To those who've deconverted from Christianity: when I'm riding to work on the subway, I invariably will see 2-3 people reading what is clearly a long-owned, dog-eared copyof the Bible and/or a weekly devotional guide of some sort.  As someone who's never made it through the book (I've tried, but getting through even Genesis is a really hard slog) I've always wondered what they're doing and why.  Are they looking for passages that will address a specific concern they have at that point?  Or continually re-reading the same sections to reinforce some broad set of guidelines (the Bibles I see frequently are highlighted or have notes in the margins).  From what I've read so far, the "rules for living" seem really obtuse, so it's not clear why I'd be reviewing the material at a time I could be reading the newspaper.  Any insight?

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Josh, excuse me but you are really being silly now. You and I are two very different type of atheists. I do not respect religion I only tolerate it.

Saying that I have never nor will I ever read scripture is not the same as saying that I don't know scripture by description. I have general knowledge about various religions enough to know that their basic premise is the existence of one or more supernatural beings. This is in direct conflict with what science has ever taught me to be true about the natural world. So by my judgement it is a waste of time and effort to read religious scripture unless you read them for their historical value.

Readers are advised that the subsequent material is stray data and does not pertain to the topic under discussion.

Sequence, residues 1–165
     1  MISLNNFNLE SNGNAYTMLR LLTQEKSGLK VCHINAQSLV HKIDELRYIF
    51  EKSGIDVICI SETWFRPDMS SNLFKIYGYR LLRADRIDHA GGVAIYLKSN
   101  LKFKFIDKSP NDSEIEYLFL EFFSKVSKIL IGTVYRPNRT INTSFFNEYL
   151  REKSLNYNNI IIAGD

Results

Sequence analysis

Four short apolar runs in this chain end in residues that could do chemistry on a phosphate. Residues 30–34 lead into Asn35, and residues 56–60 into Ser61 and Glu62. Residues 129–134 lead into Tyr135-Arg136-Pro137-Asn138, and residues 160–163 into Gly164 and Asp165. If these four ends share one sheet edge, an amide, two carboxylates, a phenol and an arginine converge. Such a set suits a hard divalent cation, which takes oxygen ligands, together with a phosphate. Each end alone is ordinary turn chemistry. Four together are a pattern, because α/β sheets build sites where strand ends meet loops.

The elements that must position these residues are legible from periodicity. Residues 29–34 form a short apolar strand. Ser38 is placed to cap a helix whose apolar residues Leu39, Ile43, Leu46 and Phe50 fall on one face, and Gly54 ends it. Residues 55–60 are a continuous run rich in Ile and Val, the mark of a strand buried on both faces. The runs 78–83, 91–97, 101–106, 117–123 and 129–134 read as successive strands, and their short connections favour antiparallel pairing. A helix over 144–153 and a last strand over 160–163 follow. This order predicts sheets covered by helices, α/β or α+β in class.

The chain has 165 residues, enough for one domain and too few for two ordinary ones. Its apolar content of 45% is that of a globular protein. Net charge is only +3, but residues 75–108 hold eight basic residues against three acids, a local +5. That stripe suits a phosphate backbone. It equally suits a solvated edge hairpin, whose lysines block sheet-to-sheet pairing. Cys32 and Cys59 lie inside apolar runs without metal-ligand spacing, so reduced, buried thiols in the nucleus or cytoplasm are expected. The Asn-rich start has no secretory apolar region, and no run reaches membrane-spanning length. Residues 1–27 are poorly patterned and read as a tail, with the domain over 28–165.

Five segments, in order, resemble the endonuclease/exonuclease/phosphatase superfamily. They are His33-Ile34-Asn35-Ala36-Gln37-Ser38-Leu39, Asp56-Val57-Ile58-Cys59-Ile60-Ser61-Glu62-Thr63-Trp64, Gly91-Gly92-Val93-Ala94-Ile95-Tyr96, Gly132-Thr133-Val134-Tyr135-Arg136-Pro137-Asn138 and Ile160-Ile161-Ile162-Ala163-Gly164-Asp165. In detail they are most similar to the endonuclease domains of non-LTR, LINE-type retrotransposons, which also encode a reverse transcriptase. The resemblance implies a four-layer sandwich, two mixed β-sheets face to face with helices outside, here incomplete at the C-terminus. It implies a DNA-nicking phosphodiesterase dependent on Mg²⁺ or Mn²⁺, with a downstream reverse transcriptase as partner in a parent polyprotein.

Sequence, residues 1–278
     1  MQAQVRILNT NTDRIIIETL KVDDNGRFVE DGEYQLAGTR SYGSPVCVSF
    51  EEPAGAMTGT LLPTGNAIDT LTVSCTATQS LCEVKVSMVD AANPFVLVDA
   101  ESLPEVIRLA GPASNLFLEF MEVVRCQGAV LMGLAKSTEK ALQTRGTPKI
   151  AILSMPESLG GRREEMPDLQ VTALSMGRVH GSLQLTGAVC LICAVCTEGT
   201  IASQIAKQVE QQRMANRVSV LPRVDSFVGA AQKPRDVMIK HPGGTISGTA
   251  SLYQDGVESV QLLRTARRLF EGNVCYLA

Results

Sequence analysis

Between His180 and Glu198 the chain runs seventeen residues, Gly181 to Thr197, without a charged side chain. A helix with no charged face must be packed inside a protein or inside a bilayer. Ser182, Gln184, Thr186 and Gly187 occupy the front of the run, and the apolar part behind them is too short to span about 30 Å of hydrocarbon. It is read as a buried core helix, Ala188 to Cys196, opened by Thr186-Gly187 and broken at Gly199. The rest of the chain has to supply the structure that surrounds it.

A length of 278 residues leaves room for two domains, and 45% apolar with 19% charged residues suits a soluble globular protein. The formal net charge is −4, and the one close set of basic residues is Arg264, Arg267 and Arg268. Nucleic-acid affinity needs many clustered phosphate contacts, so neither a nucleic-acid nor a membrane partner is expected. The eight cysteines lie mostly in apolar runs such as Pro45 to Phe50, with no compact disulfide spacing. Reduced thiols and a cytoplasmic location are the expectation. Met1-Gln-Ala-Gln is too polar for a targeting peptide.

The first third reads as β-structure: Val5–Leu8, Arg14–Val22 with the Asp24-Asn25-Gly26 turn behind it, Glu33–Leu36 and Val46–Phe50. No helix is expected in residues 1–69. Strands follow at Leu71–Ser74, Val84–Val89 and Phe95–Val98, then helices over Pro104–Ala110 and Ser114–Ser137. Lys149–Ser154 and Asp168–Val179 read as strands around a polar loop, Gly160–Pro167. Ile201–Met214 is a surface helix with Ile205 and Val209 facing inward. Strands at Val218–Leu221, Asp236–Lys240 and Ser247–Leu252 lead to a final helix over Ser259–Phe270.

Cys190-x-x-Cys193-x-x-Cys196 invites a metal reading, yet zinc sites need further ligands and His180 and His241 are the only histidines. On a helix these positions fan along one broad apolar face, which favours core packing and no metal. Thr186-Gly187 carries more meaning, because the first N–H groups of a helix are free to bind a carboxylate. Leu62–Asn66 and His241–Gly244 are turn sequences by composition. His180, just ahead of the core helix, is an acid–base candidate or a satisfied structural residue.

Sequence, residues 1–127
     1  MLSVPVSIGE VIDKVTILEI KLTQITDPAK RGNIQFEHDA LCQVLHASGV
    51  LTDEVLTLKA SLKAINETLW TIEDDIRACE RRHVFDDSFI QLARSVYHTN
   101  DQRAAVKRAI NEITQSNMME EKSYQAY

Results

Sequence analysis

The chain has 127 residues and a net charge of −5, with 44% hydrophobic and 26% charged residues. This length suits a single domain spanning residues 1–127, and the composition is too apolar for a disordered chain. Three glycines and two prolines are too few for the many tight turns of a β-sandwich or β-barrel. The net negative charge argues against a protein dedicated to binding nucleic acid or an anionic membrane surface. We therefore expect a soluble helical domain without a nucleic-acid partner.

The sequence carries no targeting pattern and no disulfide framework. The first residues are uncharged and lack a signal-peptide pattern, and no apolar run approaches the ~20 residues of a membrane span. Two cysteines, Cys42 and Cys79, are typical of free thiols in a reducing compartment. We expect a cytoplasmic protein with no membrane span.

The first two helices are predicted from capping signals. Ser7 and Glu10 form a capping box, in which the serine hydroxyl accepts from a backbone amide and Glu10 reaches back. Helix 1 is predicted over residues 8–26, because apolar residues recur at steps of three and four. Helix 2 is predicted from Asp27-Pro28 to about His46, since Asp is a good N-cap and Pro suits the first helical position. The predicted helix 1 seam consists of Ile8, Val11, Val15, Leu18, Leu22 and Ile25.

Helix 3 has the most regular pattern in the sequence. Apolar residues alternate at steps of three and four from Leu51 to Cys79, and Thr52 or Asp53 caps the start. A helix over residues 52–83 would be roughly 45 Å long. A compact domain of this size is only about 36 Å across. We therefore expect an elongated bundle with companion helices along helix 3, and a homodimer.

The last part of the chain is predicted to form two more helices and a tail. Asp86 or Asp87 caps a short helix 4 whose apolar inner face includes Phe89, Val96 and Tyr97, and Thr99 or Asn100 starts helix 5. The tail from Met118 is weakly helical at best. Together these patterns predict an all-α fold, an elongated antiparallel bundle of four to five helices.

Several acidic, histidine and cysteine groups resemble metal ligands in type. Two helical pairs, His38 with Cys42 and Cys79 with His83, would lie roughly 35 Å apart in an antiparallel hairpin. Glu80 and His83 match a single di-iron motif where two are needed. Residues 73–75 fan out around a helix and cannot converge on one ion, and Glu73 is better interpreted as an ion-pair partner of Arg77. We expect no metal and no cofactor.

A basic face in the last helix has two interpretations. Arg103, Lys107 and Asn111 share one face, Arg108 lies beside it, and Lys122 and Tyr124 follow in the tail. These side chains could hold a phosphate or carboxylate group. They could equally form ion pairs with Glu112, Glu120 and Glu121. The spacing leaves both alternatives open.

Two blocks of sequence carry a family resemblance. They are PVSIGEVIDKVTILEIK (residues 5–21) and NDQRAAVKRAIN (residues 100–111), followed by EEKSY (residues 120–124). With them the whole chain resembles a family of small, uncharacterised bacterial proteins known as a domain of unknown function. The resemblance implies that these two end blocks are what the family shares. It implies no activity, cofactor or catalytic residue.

I'm not the type of atheist that looks at scripture and thinks that I better go read it so I can refute my enemies on their own terms. I would much rather go read literature of science to strengthen my weapons. Then when the enemy comes around stating his or her supernatural claims I will be ready to counter with my answers supported by the best science available that I know of.

To me religious books are just romantic and sentimental literature with historic value. I don't believe that puts me in the same category as book burners at all.

Sorry, to me this is just as bad as people who reject evolution without ever having read one research paper. In your post, if I replaced "scripture" with "The Origin of Species..." and "science" with "the Bible" and/or "my religion", this would be the exact same argument Theists use. THE SAME. The "I have glancing knowledge of this particular philosophy, and can discount it" argument is dangerous, man! If some Christian waltzed in here saying this garbage, you would cut him to shreds: